There are dominionist politicians high in government right now who are packing the courts with far right judges willy nilly, and I’m afraid they may well succeed in their efforts to turn America into a theocracy ruled by biblical (Old Testament) law (the “Christian” version of Sharia law).  I hope that if the United States continues in the dark direction it seems to be headed, my son can find a way to leave the country.  In the meantime, I pray for his safety.  America no longer feels safe.

Love For All On Valentine’s Day

A bit late maybe, but there’s still 2 more hours left. ❤

The Tony Burgess Blog

Love is a great thing and on this Valentine’s Day I salute all couples who are expressing their affection for one another. I also have a wish for those who are not in a relationship with someone that soon they will find love, happiness and peace. Everyone should have someone to love and live well with.

To my friends who are in the LGBTQ community I support your human right to love the person you choose. It’s important you have that freedom and that opportunity. Many of you are celebrating the right to marry in this country. I hope for that freedom everywhere.

God bless each of you no matter your orientation or status.

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A gay child doesn’t mean you failed as a parent.

Being the mother of a gay son, this really hit home for me when I saw it today.

gay_child

I’m glad my son is proud of who he is and where he’s going. I’ve learned so much from him.

Gay pride.

Over on Facebook, I had this to say about so many people changing their profile pictures to look like this:

gay_pride

You know what, it warms my heart so much to see this outpouring of support for the Supreme Court victory that now recognizes that gay people can marry and enjoy all the benefits of a male-female marriage. Seeing all the rainbow colors on so many profiles–even people I never expected–gives me have hope for this country, that perhaps we are finally on our way to peace between diverse groups of people and we can just all see each other as fellow Americans. We still have a looooooong way to go, and maybe I’m just being naive or “malignantly optimistic,” but it is a start. Congratulations to all my gay friends.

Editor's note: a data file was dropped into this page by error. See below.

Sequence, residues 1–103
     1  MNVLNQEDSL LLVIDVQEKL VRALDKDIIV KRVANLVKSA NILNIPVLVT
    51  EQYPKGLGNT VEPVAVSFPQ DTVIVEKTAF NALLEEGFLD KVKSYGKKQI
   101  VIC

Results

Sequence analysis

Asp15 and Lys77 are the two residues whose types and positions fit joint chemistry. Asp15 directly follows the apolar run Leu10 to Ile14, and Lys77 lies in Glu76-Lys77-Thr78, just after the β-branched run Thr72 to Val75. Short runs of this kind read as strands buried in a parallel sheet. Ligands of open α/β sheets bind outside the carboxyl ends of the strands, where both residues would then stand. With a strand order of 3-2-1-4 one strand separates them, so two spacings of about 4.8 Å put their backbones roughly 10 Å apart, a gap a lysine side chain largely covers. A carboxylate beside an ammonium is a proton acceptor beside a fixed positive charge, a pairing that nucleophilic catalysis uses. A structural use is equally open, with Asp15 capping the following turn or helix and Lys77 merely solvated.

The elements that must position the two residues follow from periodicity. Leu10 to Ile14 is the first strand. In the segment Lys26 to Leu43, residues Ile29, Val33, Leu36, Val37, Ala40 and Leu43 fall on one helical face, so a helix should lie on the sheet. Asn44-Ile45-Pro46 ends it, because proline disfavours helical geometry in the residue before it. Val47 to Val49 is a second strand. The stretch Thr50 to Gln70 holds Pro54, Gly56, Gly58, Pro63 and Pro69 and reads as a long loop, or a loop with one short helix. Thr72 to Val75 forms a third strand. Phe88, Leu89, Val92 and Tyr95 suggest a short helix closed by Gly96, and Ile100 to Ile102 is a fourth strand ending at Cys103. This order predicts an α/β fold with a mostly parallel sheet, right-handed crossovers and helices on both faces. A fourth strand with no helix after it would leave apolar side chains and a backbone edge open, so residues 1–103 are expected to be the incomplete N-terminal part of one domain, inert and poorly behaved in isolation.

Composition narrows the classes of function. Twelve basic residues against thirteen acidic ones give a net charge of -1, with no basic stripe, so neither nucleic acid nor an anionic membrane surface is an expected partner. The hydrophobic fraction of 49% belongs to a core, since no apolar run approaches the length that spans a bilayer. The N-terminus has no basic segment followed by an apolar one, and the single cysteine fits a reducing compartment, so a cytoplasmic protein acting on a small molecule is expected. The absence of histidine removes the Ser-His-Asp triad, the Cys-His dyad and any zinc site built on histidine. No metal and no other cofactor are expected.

“The Narcissist”–NOVA interview with director Eric Casaccio

The Northern Virginia International Film Festival just posted a new interview from the Northern Virginia Annual Film Festival, where film director Eric Casaccio talks about his short film “The Narcissist,” a drama about a man named Evan (Hunter Lee Hughes) who falls in love with a charming but highly manipulative man named Rob (Brionne Davis) who has Narcissistic Personality Disorder and nearly destroys Evan.

So far, “Narcissist” has received overwhelmingly positive reviews from film critics.

My earlier posts about this film (the first one includes the trailer):
https://luckyottershaven.com/2015/01/05/narcissist-the-movie/
https://luckyottershaven.com/2015/04/01/watch-campaign-video-for-narcissist-the-movie/
https://luckyottershaven.com/2015/01/08/interview-with-eric-casaccio-about-his-film-narcissist/

My brilliant friends also have Aspergers

Gale Molinari http://www.galesmind.com just wrote an amazing article about her Aspie friends, where she points out the ways Aspergers has made these two women even better friends to her than they might otherwise be.

It’s so wonderful to see someone write about the positive aspects of Aspergers and how this “mental disorder” gives its “victims” a depth and understanding and focus neurotypicals do not have.

There is a growing community of people with Aspergers who have started an “Aspie rights” movement who’s aim is to get Aspergers removed from the DSM and psychiatric and medical literature as a mental illness and also lobbies for it to stop being considered a handicap, disability, or even a form of mental retardation (which its more severe forms are often confused with). Aspies are not retarded. They also lobby for a more Aspie-friendly world, where for instance, instead of a face to face interview for a job, another kind of application system, such as a Instant Message interview or a written essay can better serve an Aspie applicant and show a potential employer their true talents.